Video: North Korea caught shipping missile parts … to Cuba?
posted at 2:01 pm on July 16, 2013 by Ed Morrissey
How bad was this botched attempt at an arms sale? Panama initially inspected the Chong Chon Gang because they suspected the crew of smuggling drugs. Instead, they discovered a cache of arms that could touch off another standoff between Washington and Havana over missiles:
The president of Panama says a North Korean ship has been caught trying to smuggle sophisticated missile equipment through the Panama Canal.
Speaking on Radio Panama, Ricardo Martinelli said the ship was stopped on the Atlantic coast of Panama because it was suspected it was carrying drugs.
He said it was found to have other cargo of greater concern when it was searched.
“When we started to unload the shipment of sugar, we located containers that we believe to be sophisticated missile equipment, and that is not allowed,” he said.
“The world needs to sit up and take note: you cannot go around shipping undeclared weapons of war through the Panama Canal.”
The ship was actually going back to North Korea with the arms on board, after leaving port from Cuba. That adds another bizarre element to the case. Pyongyang doesn’t import its missile technology, at least not from half a world away; they develop most of it themselves, with at least tacit support from its Chinese patrons. North Korea is an exporter of missile technology. Did they try to make a sale to Cuba, and fail at it? Are these returns for defects?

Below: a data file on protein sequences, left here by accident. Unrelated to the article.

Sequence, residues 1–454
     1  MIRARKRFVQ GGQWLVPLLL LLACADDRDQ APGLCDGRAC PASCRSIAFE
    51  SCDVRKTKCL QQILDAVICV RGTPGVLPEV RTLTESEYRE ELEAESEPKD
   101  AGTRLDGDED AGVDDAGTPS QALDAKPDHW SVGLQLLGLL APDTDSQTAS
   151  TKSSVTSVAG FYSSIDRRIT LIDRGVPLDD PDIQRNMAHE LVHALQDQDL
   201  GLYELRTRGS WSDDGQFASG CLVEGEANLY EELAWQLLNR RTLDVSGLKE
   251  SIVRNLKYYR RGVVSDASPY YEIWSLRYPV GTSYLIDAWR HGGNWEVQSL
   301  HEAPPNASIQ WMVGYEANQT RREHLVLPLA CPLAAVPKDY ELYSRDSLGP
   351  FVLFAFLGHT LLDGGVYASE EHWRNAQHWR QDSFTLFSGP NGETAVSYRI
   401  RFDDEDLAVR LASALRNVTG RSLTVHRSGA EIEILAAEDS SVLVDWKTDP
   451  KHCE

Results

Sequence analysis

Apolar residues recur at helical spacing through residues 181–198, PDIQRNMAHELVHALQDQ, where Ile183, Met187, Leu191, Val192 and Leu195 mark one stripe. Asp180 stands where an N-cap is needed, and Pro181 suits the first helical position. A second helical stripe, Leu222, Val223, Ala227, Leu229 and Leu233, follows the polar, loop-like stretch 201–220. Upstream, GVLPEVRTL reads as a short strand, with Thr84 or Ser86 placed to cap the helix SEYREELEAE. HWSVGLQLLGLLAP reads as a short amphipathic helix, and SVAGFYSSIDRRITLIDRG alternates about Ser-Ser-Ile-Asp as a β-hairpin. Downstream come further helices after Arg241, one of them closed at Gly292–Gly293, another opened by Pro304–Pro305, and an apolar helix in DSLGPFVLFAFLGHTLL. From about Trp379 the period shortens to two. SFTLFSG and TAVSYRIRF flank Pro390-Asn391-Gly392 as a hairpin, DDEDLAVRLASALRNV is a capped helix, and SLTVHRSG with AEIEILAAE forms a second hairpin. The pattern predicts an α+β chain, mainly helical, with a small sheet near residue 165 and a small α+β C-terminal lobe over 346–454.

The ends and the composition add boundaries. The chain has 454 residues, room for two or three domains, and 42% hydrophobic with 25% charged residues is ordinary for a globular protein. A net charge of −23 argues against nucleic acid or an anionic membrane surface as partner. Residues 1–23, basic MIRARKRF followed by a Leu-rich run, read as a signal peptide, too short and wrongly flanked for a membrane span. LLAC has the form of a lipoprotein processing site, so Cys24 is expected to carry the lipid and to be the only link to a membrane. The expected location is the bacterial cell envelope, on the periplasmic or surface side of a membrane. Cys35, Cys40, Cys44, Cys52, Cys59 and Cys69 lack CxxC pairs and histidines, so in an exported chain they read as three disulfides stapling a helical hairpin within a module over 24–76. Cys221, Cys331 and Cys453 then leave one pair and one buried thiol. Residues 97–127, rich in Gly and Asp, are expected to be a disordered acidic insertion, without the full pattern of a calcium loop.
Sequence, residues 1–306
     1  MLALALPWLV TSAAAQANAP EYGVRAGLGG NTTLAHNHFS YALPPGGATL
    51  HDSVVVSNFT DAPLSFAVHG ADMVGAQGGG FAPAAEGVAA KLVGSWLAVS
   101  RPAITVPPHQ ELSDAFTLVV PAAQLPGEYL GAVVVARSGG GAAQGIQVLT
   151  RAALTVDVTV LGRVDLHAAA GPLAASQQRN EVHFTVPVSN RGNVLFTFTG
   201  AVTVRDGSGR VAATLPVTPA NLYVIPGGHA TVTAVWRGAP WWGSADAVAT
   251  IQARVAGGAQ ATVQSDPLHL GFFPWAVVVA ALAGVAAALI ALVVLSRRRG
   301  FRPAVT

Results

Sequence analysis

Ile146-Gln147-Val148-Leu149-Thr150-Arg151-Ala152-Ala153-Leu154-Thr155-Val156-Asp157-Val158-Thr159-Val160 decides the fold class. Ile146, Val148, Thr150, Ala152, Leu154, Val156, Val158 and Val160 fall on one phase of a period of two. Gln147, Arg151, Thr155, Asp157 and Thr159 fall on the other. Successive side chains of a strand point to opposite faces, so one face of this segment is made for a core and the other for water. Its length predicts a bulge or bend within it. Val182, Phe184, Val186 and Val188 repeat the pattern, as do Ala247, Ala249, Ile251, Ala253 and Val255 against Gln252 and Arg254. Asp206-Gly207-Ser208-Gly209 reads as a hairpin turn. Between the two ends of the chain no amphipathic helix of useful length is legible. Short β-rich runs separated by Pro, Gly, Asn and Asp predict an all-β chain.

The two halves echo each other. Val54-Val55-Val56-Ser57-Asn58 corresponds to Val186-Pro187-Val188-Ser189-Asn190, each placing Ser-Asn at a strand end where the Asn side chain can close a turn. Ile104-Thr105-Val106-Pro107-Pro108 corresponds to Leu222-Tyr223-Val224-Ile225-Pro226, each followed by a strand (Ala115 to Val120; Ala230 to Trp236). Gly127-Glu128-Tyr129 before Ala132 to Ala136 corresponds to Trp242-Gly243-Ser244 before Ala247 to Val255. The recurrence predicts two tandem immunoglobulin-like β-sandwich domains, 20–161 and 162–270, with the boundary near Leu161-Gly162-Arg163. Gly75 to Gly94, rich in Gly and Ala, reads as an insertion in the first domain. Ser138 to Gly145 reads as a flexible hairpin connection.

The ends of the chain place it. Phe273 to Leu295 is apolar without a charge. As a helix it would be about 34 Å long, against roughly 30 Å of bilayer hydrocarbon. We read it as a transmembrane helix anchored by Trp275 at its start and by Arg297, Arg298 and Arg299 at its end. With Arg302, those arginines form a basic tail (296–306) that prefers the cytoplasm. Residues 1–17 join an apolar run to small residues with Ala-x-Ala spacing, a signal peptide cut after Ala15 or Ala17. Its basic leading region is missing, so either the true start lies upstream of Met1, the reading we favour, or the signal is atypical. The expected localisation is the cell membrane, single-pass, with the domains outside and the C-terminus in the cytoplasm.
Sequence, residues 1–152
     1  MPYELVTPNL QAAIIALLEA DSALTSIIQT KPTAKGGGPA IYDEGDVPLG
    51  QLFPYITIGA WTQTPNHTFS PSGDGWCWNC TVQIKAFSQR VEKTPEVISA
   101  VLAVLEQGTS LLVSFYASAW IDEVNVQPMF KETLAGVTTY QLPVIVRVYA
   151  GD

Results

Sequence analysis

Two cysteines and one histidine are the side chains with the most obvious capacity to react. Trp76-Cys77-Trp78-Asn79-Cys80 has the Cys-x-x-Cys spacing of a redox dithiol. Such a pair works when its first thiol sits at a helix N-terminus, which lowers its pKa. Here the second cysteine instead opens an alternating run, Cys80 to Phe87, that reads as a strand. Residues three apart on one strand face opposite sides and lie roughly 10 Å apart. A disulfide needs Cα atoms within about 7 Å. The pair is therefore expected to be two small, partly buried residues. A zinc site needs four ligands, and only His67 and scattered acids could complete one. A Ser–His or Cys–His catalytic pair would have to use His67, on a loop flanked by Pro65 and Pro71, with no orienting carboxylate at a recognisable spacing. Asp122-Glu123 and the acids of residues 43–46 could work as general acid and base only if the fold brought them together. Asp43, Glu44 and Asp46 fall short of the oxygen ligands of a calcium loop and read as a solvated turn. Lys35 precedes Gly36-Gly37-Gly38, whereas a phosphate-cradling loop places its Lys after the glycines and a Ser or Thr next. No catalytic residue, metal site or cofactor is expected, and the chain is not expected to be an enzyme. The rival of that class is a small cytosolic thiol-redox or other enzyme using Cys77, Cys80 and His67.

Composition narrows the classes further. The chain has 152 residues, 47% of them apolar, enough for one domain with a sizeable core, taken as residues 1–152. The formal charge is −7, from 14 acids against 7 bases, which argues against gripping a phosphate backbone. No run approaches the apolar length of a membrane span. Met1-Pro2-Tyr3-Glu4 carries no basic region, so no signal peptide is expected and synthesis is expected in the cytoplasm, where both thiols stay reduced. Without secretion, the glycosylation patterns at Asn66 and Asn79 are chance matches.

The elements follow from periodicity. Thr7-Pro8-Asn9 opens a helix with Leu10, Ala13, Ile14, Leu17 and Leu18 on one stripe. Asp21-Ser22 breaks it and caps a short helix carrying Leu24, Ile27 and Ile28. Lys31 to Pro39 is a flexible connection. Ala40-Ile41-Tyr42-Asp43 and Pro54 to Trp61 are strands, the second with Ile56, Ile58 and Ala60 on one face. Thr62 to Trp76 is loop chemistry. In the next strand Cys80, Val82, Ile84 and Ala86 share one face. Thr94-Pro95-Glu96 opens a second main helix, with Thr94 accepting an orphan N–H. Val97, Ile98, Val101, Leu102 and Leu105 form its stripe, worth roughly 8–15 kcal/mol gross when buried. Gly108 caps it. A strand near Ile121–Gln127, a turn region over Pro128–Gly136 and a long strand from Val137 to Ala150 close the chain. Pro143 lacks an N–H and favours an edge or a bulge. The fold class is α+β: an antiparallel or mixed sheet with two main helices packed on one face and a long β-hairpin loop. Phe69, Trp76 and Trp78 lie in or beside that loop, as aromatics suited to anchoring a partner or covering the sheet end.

As CNN reports, this isn’t the first time that Pyongyang has been caught violating UN sanctions against its arms sales:
The analyst raises the question of whether the ship merely made a port stop in Cuba to do other business, but that seems unlikely. If you’re smuggling arms illegally, you don’t make extra stops before closing the deal — especially going this far out of the way and through the Panama Canal, where it’s certain that inspections will be made. If Cuba is buying missiles (if indeed that’s what they are), then those missiles will have only one target in mind, and the US will have to act to eliminate that threat. But even that seems like an odd move for the Castro brothers at this point, who have the friendliest administration they’ve faced in Washington in decades, if ever.
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